As early as the 1970’s many declared mass customization would change the face of the US economy. This is evident from the futurist Alvin Toffler’s early prediction 1 of mass customization up through Joseph Pine’s book Markets of One in 20002, as well as his more recent book on the Experience Economy3. Although it took some time, more and more big brands as well as smaller vendors have the technology and supply chains in place to offer many varying kinds of customized and personalized items.
The eCommerce industry in particular is perfectly suited as a means for the one-on-one communication needed for suppliers to define the degrees of freedom available for the product and for end-users to customize the exact version of the product that meets their specific desires, taste and needs.
Going beyond personalization of content in eCommerce sites, I’d like to introduce the concept of interactive eCommerce.
Interactivity occurs when the brand and product interact with a user before he or she even becomes a customer, creating a uniquely tailored social experience. This experience encourages such strong individual self-expression and actualization that it creates a powerful psychological experience, along with the feeling that the product is highly valuable.
No longer is the user a passive viewer of content prepared by the website’s administrator. Rather, users become active in creating their own versions of products by mixing and matching different products, creating unique mixes and interactions with products, brands and content on the website. Interactive users take it one step further by extending the dialog to their online hangouts — Whatsapp, Instagram, Pinterest and other social media platforms.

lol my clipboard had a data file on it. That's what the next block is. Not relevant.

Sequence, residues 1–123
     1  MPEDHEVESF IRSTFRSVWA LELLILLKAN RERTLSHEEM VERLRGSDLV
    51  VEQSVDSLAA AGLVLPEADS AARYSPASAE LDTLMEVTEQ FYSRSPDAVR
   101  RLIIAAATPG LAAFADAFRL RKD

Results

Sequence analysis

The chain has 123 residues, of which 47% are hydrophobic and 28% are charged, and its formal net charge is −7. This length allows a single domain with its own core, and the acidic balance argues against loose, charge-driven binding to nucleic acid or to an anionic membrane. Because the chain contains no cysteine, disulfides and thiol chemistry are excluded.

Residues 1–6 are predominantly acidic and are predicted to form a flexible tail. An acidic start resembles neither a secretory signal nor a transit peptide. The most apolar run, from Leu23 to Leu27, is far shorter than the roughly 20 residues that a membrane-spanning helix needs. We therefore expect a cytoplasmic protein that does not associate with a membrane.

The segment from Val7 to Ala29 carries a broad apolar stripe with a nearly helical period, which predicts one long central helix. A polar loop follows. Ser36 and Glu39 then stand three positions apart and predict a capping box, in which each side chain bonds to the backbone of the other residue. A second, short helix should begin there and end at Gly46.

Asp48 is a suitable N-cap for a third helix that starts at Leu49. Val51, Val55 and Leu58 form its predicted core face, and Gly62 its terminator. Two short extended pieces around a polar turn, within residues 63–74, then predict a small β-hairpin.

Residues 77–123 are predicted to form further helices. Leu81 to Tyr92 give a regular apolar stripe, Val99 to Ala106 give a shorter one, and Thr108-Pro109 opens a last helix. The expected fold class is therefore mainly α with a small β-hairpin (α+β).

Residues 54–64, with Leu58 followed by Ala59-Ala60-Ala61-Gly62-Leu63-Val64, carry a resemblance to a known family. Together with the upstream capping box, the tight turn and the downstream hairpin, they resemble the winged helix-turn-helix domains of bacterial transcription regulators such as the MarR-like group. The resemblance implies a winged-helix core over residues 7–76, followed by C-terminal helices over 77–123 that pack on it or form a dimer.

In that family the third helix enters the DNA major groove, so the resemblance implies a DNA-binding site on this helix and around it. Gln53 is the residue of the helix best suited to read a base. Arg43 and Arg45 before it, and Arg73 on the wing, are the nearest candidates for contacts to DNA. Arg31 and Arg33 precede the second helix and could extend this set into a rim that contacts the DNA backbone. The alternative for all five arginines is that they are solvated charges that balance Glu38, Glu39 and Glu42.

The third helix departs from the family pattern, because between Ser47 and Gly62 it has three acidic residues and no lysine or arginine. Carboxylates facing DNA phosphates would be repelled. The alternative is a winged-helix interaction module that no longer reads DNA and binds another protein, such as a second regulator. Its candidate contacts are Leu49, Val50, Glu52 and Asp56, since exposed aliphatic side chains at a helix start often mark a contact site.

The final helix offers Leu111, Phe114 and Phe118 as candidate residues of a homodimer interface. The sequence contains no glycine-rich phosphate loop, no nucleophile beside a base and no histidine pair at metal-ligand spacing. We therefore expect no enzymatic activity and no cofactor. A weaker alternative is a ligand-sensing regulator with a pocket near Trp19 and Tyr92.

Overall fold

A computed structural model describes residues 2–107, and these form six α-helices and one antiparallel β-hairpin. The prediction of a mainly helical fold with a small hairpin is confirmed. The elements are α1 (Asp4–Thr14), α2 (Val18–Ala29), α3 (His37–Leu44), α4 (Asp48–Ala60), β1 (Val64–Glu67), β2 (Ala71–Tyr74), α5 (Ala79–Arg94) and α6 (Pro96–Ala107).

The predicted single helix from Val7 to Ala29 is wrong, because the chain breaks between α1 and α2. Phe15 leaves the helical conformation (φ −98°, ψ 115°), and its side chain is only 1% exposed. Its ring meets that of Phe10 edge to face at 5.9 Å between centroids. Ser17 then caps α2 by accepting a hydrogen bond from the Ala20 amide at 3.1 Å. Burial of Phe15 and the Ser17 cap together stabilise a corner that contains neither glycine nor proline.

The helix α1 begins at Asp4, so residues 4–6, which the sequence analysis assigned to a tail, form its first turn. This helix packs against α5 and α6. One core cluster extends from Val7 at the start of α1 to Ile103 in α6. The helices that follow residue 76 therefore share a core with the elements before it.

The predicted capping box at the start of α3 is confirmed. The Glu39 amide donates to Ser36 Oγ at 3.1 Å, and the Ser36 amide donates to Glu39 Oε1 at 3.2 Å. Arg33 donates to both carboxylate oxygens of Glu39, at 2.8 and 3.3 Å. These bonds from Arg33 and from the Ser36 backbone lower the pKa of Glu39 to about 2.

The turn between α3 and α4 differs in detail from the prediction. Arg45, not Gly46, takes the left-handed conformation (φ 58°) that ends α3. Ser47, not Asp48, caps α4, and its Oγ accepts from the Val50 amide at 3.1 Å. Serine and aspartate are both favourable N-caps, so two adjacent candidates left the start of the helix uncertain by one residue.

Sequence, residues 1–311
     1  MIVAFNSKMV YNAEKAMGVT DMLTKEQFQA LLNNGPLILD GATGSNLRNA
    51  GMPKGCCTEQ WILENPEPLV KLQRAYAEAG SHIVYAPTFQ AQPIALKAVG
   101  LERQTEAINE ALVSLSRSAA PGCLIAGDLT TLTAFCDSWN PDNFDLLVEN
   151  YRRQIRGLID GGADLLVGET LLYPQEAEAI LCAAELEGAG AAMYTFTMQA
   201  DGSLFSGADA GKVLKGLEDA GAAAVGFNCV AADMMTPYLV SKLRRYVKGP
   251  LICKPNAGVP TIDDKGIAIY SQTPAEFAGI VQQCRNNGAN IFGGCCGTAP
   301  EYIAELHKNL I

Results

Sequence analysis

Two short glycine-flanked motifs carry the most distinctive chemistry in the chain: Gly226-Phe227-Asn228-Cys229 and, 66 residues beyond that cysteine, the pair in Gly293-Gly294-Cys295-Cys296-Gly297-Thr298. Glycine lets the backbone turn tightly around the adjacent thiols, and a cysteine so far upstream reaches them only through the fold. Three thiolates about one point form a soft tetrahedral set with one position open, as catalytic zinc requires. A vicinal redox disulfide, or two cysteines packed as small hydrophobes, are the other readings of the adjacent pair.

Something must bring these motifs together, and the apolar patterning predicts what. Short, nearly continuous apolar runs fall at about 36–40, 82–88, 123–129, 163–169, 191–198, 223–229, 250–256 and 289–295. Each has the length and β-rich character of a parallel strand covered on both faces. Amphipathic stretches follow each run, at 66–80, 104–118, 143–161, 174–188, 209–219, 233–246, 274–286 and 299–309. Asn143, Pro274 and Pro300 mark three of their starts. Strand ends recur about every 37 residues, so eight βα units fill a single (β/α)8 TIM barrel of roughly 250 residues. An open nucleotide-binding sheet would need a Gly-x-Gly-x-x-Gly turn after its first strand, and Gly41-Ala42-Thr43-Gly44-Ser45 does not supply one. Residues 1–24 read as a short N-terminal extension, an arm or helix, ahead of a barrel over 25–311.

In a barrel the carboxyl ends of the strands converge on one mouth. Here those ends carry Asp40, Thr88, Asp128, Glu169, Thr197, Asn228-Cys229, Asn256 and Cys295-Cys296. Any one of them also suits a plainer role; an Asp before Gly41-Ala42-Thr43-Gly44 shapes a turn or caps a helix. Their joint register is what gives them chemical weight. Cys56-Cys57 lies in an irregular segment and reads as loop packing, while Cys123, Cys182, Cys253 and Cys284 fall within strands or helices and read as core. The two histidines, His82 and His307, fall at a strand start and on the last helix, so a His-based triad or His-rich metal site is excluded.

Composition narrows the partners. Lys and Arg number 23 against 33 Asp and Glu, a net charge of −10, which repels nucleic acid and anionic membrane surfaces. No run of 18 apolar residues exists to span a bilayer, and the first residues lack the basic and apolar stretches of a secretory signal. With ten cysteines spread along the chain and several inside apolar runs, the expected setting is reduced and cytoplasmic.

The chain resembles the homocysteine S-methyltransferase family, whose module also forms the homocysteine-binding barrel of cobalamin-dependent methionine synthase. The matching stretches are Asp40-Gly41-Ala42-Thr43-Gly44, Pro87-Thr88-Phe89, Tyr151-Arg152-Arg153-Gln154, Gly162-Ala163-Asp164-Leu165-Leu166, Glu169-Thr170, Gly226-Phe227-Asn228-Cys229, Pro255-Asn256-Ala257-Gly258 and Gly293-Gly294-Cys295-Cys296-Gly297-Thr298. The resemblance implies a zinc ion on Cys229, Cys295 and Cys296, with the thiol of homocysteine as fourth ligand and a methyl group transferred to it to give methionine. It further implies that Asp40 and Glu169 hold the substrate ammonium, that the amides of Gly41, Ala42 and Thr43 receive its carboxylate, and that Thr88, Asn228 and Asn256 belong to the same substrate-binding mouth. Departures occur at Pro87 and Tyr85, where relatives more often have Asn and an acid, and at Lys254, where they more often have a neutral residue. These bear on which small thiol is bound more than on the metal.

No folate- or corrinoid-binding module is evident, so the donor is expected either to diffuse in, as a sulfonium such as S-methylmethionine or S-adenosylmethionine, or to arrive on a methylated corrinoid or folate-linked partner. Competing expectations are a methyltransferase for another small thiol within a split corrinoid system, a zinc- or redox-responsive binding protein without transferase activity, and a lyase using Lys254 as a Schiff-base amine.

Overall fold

Interactive eCommerce is Web 2.0 for eCommerce
Whereas most early websites simply took the standard mail-order catalog experience and brought it online, interactive eCommerce lets users play an active role in the shopping experience. Web 2.0 did this by allowing user-generated content onto site pages. Interactive eCommerce similarly engages users in ways that were not possible in the past.
Companies successfully implementing interactive eCommerce create such a uniquely interactive experience that it effectively kills the old mail-order catalog paradigm. Take for instance Ztailer, an online retailer who lets customers schedule local tailors to come to their home or office to individually tailor the clothes to fit. After confirming the fit, additional adjustments are paid by Ztailer 4.
A more extreme example is MooseJaw, whose goal included establishing a brand that sought to become the most fun outdoor retailer on the planet. It was this goal that led them to create a Valentine’s Day MooseJaw Break-Up Service allowing the company to break up with a customer’s significant other for them. The “customized breakup” included three reasons the customer wanted to end things, in addition to three assets of his significant other meant to help cushion the blow 5.
Creating Invaluable Interactive Experiences
Let me share with you three additional examples of vendors who are successfully creating valuable interactive eCommerce experiences for their customers.
The first, Candy.com, is a Doogma customer who will soon be launching Candy for every occasion with Design Your Own wrappers of favorite candies such as Hershey Bars and Kit Kats. In the opening screen, the user views tens of fabulous pre-made designs that users can immediately personalize by adding the names of their loved ones, important dates and even upload desired photographs and add custom text. The entire design process can be completed within just a few minutes. Once customers engage in the experience of uploading photos of their uniquely customized candy and sharing them with their spouse and kids, they are much more likely to complete the purchase. It’s harder for them to say no to a purchase which they’ve become so deeply involved in creating.